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Sepharad and the Jews

The first Jews arrived in Spain at the time of the Roman emperors of Hispanic origin: Trajan and Hadrian. They would come as slaves, artisans and peasants. The relationship of the Hispanic-Romans with them was friendly. Over time, the Christian religious authorities feared that the new Christians, coming from paganism, did not know how to distinguish between Jew and Christian, and begin to enact measures of separation.

The barbarian invasions brought the Visigoths, who as Arians, looked at the Jews with some sympathy, but after the conversion to Catholicism of King Recaredo –in 589- that sympathy eventually disappeared, and King Sisebuto (616) ordered the forced conversion of Jews to Catholicism or their expulsion. King Egica (687-702) suspends the compulsory baptism, but when he learns that some Jews and converted are seeking support from Muslims invaders of North Africa, asks the Toledo Council XVII (694) that Jews and converted are declared slaves. Egica himself in 696 proclaims the “Liber Iudiciorum” as a legal rule under which a Jew can be a witness in a trial and the injury or death of a Jew is punished; also their property and lives are safeguarded.

During the Muslim invasion of Spain, in 711, the Jews are used by Muslims as auxiliary forces to maintain order in the rear. They were mainly artisans and farmers, and were gathered in the cities, which made easier to proceed to commercial business and liberal profession and, due to their relationship with other Jews of the vast Islamic empire, become international traders, who write in Arabic among themselves but with Hebrew letters that only they could read.

Moreover, the Jews join the Arab culture and literature, whose achievements (are) also led to Hebrew literature. There are great authors, such as Yehudah ha-Levi, Ibn Gabirol, Maimonides, etc. The Almohades forced Jews to convert to Islam, which they avoided as they could.

In the Christian kingdoms (Castile and Aragon), among the new settlers of reconquered cities are also Jews who are declared “property of the king” so that their life and properties are respected. They were generally artisans, merchants and moneylenders; their knowledge of other languages made them interpreters for others. Jewish communities had internal autonomy; their judges applied the Talmudic Jewish law and could impose fines and punishments.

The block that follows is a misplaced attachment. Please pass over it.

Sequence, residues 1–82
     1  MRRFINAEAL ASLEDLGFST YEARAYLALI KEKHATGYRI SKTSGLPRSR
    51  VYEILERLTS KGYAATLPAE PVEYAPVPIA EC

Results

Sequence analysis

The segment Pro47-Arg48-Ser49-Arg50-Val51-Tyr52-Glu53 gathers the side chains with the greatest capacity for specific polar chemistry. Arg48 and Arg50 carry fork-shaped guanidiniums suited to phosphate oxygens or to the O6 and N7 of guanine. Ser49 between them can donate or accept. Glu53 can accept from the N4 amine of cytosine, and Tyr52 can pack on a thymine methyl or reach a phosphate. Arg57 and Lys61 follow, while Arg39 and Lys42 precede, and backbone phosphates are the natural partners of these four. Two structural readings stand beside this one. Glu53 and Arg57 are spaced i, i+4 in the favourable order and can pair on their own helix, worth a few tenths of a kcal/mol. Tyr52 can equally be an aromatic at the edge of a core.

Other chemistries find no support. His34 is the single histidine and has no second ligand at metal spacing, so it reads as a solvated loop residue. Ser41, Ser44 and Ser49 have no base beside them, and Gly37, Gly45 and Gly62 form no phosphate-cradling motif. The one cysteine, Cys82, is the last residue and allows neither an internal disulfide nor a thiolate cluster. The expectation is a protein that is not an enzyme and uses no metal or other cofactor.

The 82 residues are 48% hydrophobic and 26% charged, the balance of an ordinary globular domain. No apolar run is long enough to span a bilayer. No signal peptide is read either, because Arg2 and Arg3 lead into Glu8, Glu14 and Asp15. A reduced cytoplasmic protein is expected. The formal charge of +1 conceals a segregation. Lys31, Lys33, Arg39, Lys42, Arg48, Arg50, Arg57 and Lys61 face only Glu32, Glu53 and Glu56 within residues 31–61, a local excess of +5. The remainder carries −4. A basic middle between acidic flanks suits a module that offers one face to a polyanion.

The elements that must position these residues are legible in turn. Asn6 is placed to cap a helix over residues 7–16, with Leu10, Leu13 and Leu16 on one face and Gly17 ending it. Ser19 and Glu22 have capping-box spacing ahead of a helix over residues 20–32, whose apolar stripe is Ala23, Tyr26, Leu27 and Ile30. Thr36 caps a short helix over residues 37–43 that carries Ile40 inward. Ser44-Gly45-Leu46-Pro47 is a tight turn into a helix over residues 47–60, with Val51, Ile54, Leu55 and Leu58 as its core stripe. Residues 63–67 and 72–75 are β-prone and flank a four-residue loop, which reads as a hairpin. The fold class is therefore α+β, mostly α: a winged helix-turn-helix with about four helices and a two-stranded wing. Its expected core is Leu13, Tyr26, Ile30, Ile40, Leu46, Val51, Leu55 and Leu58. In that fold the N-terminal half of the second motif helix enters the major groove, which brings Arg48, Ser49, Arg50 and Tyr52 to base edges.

The Jews converted to Christianity sometimes get involved in religious controversies that were organized in the Middle Ages. When the Catholic Monarchs established the Inquisition, some of the converted get involve therein. The problem with the converted is that, some of them converted “falsely” and, secretly, remained Jews.

By the Edict of Expulsion of 1492, the Catholic Monarchs decided the expulsion of all the Jews not converted. They went to Africa, Turkey, Italy, the Netherlands and Portugal, but there, a few years later, they were forced to be baptized. They come out little by little as Christians and, when they can, they go to countries where they are allowed to live as Jews.

Hispania, Aspamia…Sepharad

The Talmud calls “Aspamia” to Hispania, but since the Middle Ages Jews calls it “Sepharad”, there comes “Sephardic”. Sephardim continued calling themselves their descendents until today. They speak and write in Spanish and Portuguese over centuries. In the sixteenth and seventeenth centuries they are part of the Golden Age of Literature. Today, those who live in Latin America are part of their culture and literature.

The Jewish of Spain wanted to descend from those of Jerusalem, and even some families said to be descendent of King David. Perhaps by some phonetic similarity, the unknown Sepharad (it is thought that perhaps it was in minor Asia) of Prophet Abdías, vers.20: “And the exiles of Jerusalem who are in Sepharad…”, was identified with Spain.

Fernando Díaz Esteban
Academic of the Real Academia de la Historia